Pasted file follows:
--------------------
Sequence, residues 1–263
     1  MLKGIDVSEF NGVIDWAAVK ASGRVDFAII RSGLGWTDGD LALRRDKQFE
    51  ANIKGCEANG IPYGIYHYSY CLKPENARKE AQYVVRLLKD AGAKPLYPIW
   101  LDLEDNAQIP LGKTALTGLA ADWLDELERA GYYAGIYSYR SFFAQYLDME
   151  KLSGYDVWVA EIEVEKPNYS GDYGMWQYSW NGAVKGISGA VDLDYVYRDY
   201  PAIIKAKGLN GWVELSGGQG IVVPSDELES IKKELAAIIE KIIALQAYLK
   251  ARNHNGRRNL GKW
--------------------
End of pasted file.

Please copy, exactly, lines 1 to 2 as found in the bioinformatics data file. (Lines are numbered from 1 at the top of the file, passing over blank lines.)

Sequence, residues 1–263
     1  MLKGIDVSEF NGVIDWAAVK ASGRVDFAII RSGLGWTDGD LALRRDKQFE